As any film buff will understand, even if they won’t admit it, there’s a certain sense of pulling yourself out of a modern point of view that’s required when looking at films regarded as cinematic classics. Everything from acting styles to achievements in cinematography that are revolutionary at one point can look quaint when compared to something newer. George Miller’s series of Mad Max films qualify, to a degree. While well-crafted films with a surprising amount of action over plot, Mad Max, The Road Warrior and Mad Max Beyond Thunderdome all were so influential on action cinema, they can’t help but look a tiny bit tame when compared to the action films dominating screens today.
And yet, all the new hotshots lack a certain spark Miller brought to the screen. So leave it to the 70-year-old writer/director, who’s spent the last few decades working on live action and animated children’s films, to return to the series that began his career three decades after the final film in that initial series and once again show every wannabe action director how it’s done. Like a boss.
From the frugally-budgeted Mad Max to increasingly expensive sequels The Road Warrior and Mad Max Beyond Thunderdome, Miller increased the scale of action with each film, as well as the sense of dystopia. With a budget easily dwarfing the cumulative totals of those previous three films, Mad Max: Fury Road brings the franchise roaring into the 21st century. What’s more, rather than turning the new film into something more akin to standard studio fare than the Aussie indie spirit of the previous films, Miller takes his huge budget and pours it into the practical effects, complete with insane stunt work and stunning pyrotechnics. With technology at a far more advanced level than it was over 30 years ago, Miller takes advantage of everything to create something that’s true to the spirit of Mad Max, while still fresh and exciting.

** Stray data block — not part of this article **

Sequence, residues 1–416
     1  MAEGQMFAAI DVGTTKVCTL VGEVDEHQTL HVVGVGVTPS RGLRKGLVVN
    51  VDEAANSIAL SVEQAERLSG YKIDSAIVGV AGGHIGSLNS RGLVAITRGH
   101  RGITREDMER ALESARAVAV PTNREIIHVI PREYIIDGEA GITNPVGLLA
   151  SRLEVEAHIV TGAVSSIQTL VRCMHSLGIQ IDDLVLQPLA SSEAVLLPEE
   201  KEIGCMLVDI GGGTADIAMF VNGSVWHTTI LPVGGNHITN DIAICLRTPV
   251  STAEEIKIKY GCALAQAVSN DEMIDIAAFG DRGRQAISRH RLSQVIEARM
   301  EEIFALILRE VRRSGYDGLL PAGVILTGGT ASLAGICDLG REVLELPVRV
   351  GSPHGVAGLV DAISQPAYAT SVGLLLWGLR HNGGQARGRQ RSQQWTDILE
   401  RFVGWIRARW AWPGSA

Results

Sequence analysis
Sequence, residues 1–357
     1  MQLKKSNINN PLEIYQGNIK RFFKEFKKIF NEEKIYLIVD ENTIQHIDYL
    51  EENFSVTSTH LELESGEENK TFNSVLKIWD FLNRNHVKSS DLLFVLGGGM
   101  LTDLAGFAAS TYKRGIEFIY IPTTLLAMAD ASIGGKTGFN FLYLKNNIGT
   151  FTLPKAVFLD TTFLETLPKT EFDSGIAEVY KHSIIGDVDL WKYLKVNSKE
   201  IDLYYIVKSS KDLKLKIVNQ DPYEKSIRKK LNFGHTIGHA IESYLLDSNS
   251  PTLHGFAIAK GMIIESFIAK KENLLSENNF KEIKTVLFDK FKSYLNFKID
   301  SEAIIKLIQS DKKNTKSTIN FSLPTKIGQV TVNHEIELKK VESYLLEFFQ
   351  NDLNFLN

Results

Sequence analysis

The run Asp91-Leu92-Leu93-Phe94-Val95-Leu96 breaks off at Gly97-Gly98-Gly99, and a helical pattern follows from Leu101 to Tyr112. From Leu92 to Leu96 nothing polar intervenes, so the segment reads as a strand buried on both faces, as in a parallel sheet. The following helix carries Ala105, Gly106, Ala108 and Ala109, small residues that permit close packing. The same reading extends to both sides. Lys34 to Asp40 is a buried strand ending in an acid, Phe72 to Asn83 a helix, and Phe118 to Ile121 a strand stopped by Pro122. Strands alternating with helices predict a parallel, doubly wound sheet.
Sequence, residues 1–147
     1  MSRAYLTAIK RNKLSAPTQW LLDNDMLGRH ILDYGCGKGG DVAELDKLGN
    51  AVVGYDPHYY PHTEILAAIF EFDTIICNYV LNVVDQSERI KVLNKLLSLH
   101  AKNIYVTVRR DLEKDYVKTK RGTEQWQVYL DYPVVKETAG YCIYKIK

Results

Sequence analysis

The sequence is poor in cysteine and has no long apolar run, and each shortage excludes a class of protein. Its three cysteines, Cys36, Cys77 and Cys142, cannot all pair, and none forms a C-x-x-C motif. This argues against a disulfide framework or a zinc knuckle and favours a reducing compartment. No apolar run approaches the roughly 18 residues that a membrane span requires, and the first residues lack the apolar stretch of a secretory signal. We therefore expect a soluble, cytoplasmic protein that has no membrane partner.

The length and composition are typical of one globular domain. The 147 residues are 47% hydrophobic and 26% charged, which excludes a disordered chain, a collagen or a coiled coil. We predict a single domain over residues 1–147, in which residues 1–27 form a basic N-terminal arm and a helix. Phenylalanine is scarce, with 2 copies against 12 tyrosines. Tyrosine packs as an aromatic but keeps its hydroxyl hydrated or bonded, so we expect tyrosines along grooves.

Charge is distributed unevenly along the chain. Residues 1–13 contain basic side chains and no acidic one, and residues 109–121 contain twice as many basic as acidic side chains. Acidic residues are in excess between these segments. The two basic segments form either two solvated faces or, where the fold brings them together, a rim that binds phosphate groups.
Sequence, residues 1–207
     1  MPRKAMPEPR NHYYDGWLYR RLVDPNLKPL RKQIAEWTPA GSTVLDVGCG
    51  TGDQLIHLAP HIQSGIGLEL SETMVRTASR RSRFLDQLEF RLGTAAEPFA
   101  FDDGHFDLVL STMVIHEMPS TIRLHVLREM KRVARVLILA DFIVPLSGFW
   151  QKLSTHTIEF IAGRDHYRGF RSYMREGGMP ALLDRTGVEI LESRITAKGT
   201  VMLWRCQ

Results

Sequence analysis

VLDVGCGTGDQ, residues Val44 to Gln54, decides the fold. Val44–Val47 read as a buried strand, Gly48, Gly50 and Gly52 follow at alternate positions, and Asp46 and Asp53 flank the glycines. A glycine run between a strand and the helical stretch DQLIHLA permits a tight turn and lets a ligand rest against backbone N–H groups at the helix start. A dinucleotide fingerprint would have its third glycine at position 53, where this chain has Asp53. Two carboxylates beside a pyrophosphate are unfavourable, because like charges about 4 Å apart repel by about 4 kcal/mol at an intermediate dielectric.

Fans of the franchise or newcomers with no previous experience with Mad Max should find themselves on equal footing heading into the film. The series has never held a strong sense of continuity to begin with, and the jump forward in years here results in only one returning cast member – of sorts (more on that momentarily). Stepping into the role that launched Mel Gibson to fame (long before he became Mad Mel), Tom Hardy brings a barely contained ferocity to the character that more closely resembles madness than any of Gibson’s turns. He’s also, for large stretches of the film, not the film’s primary focus. That role instead belongs to Charlize Theron’s Imperator Furiosa, giving a ferocious performance on par with Sigourney Weaver’s Ripley.
The film finds Furiosa smuggling the “property” of villain Immortan Joe (Hugh Keays-Byrne, who played lead villain Toecutter in the original Mad Max) – five women who make up a harem of breeders for Joe – away for greener pastures. The Mad Max films have rarely used a plot as a primary focus, but what’s interesting about Fury Road is that its primary plot pits imprisoned women against a man who regards all women as property, and the mindless “War Boys” who follow Joe’s every command in anticipation of a glorious death. No wonder the so-called Men’s Rights Activists are worried: one of the most badass film franchises in history is calling them out.
Whether Fury Road is the start to a new series of Mad Max films, or ends up being a one-shot return from Miller, it’s hard to argue with the results of his return. This isn’t The Phantom Menace, and George Lucas isn’t out to ruin the beloved films of your childhood. Fury Road is a gloriously dark return to nearly non-stop action, punctuated by plainly stated philosophical points. It’s a master of the genre showing everyone how it’s done. What an accomplishment.